Major: Textile and Apparel Studies- Merchandising
Florence University of the Arts , Summer I 2017
After a very long and exhausting journey, I’m finally home within the States. My journey home consisted of 48 hours without sleep, 22 hours of actual travel and a very jetlagged me. I traveled on four separated flights and three different airlines to get back home and needless to say, I’m EXHASTUED but my study abroad experience was well worth it. It’s hard to adjust to life back in the U.S. after traveling to a foreign country. I can drive my car instead of walking everywhere, get iced coffee at any café, and I no longer have to pay for the water at restaurants! It’s great to be back but I miss the culture and atmosphere of the lively country of Italia.
The biggest thing I miss about Italy is the fashion, of course. I miss walking down the cobblestone streets feeling fabulous and glamorous in six-inch heels. I got so inspired seeing the fashion sense of the local Italians. The women would walk with such confidence while wearing a brand new handbag from their favorite designers collection. Italians have a profound love and respect for fashion and the fashion industry alike.
The American fashion industry compared to the Italian fashion industry is vastly different. In America, our “fashion” is categorized and dominated mostly by fast fashion giants such as H&M, Forever 21, and Zara. American’s are looking to buy the most items for a very low cost. We are constantly consuming new garments and accessories to stay on top of the latest trends. The Italian fashion industry is the polar opposite. The streets of Italy are lined with the most respected fashion brands in history: Prada, Furla, Pucci, Valentino, Gucci, etc. For Italians, quality over quantity is their way of life. They see buying expensive bags, clothing, shoes, or accessories as an investment. Instead of going to H&M and purchasing a handbag that may only last for a few months before falling apart, they’ll purchase a Prada handbag that will last them a lifetime. . While shopping, Italian associates will greet you at the door but will allow you to shop on your own. If you need any help you must physically ask them. Unlike in America, consumers crave the attention and constant help from retail associates. The “made in Italy” stamp of approval is also very important to Italian consumers. They take pride in keeping their growing economy moving.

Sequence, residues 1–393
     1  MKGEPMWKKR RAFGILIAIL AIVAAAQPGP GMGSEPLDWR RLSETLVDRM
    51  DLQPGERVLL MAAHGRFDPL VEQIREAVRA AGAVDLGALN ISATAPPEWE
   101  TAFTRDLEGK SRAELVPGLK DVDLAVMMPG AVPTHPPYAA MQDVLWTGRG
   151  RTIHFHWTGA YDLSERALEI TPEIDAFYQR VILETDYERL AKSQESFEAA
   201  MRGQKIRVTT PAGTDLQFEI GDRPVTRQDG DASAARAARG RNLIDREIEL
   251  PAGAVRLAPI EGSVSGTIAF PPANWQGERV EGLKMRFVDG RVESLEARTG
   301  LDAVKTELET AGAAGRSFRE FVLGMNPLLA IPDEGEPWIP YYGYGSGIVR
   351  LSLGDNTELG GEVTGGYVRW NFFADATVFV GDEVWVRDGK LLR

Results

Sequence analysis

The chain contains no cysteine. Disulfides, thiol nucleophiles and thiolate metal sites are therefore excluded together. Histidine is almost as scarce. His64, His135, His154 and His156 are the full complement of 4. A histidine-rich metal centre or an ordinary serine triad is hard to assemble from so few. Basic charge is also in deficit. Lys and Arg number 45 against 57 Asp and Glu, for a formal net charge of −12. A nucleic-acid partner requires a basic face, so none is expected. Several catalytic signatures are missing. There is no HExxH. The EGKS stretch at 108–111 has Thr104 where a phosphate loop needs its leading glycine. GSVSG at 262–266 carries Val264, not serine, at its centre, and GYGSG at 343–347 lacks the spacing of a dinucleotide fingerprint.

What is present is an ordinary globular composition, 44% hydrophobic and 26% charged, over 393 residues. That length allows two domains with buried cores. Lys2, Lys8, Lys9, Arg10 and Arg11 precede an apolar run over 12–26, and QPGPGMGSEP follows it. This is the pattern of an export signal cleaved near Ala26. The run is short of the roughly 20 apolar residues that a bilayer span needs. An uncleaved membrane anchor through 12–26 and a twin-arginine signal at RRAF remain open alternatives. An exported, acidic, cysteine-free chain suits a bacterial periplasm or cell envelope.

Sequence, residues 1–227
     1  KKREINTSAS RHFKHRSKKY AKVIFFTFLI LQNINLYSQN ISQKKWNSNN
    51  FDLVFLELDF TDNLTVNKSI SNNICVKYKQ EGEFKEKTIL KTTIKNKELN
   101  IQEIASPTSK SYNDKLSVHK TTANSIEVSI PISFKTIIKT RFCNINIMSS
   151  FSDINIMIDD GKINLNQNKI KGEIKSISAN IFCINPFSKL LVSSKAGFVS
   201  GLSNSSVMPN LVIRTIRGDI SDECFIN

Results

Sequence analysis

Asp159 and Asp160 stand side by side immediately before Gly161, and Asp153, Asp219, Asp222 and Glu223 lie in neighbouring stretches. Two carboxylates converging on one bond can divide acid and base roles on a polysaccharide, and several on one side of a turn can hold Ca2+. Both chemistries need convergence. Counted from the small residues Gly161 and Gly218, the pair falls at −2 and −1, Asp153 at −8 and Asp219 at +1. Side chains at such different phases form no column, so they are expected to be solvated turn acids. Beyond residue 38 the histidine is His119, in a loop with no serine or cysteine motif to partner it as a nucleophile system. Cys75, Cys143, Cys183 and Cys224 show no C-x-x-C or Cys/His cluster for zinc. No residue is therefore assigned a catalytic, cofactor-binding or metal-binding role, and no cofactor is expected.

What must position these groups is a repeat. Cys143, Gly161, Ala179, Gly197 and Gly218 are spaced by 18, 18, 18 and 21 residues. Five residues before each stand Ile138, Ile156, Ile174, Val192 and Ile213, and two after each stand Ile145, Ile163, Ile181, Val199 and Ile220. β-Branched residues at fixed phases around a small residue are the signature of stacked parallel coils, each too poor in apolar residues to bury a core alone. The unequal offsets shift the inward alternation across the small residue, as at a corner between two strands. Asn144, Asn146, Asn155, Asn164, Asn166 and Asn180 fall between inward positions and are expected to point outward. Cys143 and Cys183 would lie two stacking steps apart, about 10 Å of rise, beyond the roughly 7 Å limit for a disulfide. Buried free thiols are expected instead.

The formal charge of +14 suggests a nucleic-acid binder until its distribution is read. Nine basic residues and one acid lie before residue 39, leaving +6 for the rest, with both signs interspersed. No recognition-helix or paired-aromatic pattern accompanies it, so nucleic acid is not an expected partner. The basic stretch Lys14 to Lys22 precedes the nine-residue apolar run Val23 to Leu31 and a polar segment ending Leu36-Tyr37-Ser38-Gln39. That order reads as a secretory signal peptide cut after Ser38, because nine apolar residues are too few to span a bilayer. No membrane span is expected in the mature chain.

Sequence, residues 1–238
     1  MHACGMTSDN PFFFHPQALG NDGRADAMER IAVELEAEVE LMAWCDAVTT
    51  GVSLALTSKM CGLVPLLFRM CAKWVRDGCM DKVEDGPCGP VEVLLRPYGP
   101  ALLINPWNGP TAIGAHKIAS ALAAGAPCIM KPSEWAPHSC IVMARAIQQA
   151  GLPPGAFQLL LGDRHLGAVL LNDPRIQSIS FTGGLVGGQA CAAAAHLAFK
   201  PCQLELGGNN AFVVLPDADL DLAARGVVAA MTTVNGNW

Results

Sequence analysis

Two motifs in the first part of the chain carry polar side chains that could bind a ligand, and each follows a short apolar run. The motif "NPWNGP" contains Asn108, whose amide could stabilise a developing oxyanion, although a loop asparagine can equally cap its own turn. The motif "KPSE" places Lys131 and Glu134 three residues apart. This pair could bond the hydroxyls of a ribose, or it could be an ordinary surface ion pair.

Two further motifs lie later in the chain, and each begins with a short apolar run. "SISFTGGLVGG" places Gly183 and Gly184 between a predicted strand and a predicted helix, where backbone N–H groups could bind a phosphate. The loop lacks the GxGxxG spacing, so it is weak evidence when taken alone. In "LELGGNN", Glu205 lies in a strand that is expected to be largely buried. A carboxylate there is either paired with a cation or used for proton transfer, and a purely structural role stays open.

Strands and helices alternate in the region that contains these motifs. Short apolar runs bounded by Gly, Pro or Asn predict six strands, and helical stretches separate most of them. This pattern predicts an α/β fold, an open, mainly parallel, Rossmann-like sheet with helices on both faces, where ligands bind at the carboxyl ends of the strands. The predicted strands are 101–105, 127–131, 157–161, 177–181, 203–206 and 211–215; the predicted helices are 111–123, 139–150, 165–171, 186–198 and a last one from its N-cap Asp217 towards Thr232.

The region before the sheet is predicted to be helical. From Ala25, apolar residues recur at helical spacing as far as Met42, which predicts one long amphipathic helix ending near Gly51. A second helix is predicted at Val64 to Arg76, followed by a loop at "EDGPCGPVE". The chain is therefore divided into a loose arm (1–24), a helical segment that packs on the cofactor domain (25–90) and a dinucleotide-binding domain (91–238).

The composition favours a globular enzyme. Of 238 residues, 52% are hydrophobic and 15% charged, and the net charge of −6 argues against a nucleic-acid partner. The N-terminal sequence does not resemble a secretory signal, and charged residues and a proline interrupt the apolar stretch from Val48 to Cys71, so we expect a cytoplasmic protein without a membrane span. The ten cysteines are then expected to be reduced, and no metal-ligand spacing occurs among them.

Before traveling to Italy, I promised myself that I would purchase ONE fashion investment piece or “luxury item”. As a textile and apparel major, designer brands are extremely important to me. Those who respect and understand the fashion industry don’t just make a purchase for the “designer name” but for how it’s actually made. I roamed the streets of Florence for weeks trying to decide on what big purchase I wanted to make. I wandered in and out of Prada, Gucci, Patrizia Pepe, and other smaller boutiques before I finally wandered into Furla. Furla is an Italian luxury brand that was first created in 1927. It is still owned and operated by the Furlanetto family. Their products range from handbags to fashion accessories and shoes. Their headquarters is currently located in Bolonga, Italy, which is not too far from Florence. Furla has stores located within the U.S. but none in Michigan, which helped push my purchase. I didn’t want to buy a handbag that I could get at Summerset Mall in Troy, Michigan. I wanted to purchase an item that was indigenous to Italy.
I pondered around the Furla showroom, not seeing anything that caught my eye before a sales associate pulled a black transparent mini cross body bag from a drawer. My eyes lit up and I immediately gravitated towards it. The body is made of acrylic and closes with a gold magnet. The bag itself was handmade in Italy but the leather strap was produced in Romania. Without hesitation I made the purchase. The black transparent bag pairs perfectly with every outfit. I’m absolutely in love with it and I carry it everywhere; I think I have a small case of Furla fever.
I’m constantly missing the place that I called home, even if it was for only one month. I’m hoping that I’ll be able to go back next summer through SAI and participate in another three-week program. If you ever have the option of studying abroad I highly recommend it. Yes, the process is long and exhausting and you may have a small panic attack along the way but it’s all worth the incredible experience you gain from it. Learning how other people live and the culture that surrounds them is amazing and unreal. You will gain so much knowledge and hopefully gain many amazing friends during your journey.